Meet the foodies bringing Burmese cuisine to East London
Two years ago, Dan Anton spent a month zipping off the beaten track in Burma on a scooter and sampling amazing regional cuisine.
Now he runs Lahpet - a stylish restaurant in Shoreditch and a street food kitchen at Old Spitalfields Market. Together with his Burmese business partner and chef Zaw Mahesh, they’re introducing exciting flavours to the East London foodie scene and making Burmese food more accessible. And the two-year-old business already employs 30 people.
Dan, who previously worked in the city as a head-hunter for the construction and manufacturing industries, took some time to tell us his story:
His father is half Burmese and left the city of Yangon in 1958 for the UK just before the military took control.
Dan said: “Growing up I ate a lot of Burmese food – cooked by my aunties and my Grandma. My dad and I were frequent visitors of the Mandolay, a Burmese restaurant in Edgware Road. The food was good, but I saw in gap in the market for finer Burmese food in a nicer setting. It took me five years to even start to make it happen.”
Lahpet is the latest restaurant to join the Local Buyers Club, offering 25% off to members at Old Spitafields any time and 25% off lunch Monday to Friday at the Shoreditch restaurant. (Click here for info)
Burma shares borders with Thailand, India and China and its regional dishes are heavily influenced by flavours prevalent in each country. Burmese food is generally more earthy and fragrant than spicy and popular dishes include pork curry and coconut noodles.
When Dan finally ran his business plan past investors, they urged him to open a pop-up restaurant or market stall to gain traction and get an idea of demand. Dan added: “I managed to get a pitch at Maltby Street Market in February 2016 and started spending every Saturday cooking and every Sunday serving.
“I was cooking Burmese food for myself every night at home, but the challenge was to scale it so, instead of cooking two or three portions, I would prepare 50 or 60.”
In the meantime Dan put his head-hunting skills to good use and started trying to track down a Burmese chef. He stumbled across a former takeaway in Hern Hill that had served some Burmese dishes and got in touch with Head Chef Zaw Mahesh.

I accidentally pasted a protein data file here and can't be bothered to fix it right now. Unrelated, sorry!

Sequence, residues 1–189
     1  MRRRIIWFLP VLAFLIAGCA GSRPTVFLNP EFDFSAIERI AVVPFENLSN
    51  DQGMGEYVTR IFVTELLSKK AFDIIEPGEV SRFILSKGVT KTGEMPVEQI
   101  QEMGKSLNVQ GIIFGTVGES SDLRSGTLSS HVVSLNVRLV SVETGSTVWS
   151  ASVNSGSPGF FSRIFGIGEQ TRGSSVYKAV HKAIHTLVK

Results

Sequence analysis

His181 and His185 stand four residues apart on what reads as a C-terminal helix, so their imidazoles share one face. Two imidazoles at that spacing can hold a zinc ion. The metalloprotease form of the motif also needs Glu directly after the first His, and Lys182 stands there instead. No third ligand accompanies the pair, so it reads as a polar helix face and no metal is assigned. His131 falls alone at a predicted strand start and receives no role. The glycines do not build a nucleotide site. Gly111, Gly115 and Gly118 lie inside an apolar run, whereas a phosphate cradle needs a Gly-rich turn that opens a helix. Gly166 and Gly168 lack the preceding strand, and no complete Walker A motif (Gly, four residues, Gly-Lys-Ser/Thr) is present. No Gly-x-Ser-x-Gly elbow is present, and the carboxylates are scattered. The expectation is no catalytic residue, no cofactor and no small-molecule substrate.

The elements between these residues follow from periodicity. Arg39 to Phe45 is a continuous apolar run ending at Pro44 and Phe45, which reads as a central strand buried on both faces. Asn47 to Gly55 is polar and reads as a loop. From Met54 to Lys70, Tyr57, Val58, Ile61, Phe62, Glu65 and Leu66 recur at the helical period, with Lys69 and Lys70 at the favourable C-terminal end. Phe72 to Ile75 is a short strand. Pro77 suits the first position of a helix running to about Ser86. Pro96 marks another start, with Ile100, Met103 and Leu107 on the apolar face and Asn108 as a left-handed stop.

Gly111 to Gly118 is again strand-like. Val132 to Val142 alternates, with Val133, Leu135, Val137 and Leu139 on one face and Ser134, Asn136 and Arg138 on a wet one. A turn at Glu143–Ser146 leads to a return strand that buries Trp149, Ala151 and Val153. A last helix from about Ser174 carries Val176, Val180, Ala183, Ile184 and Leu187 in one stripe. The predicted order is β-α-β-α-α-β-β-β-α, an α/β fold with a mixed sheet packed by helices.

Pressured by his brother to make a life for himself, Zaw had left Burma as a young man and come to the UK in search of new opportunities. He went on to gain a degree in cookery and, when Dan found him, he’d left the takeaway and was working at an upmarket Greek restaurant in St James.
Dan, 33, added: “I couldn’t have hoped to meet anyone better. We became good friends, but he was earning pretty-well in his job and there was no point in him quitting to work on a market stall.”
The trip to Burma in October 2016 was a fact-finding mission and an exploration of Dan’s family heritage. The experience convinced him it was time to follow his heart, quit the day job and open his first restaurant. He called up Zaw, 35, and the pair launched their first venture together. Lahpet opened its doors as a pop-up within The Tuck Shop flexible working space in London Fields and quickly became the talk of the street.
Dan said: “I felt incredibly liberated and both daunted and excited. That was the time it started getting serious.”
When the Tuck Shop closed, Dan and Zaw took on the whole lease. A visit by food critic Grace Dent helped promote the business and Lahpet invested in the services of a PR agency to increase awareness.
This Spring the business moved to Bethnal Green Road (to what used to be Tapas Revolution) and opened a 76-cover restaurant that’s getting rave reviews.
They serve around 1,000 covers a week – many customers are tasting Burmese food for the first time. Dan said: “We hear comments about how familiar and yet unique it tastes – it’s very much the new Asian cuisine in London.”
‘Lahpet’ means tea in Burmese and is typically pickled and eaten in salads or with rice.
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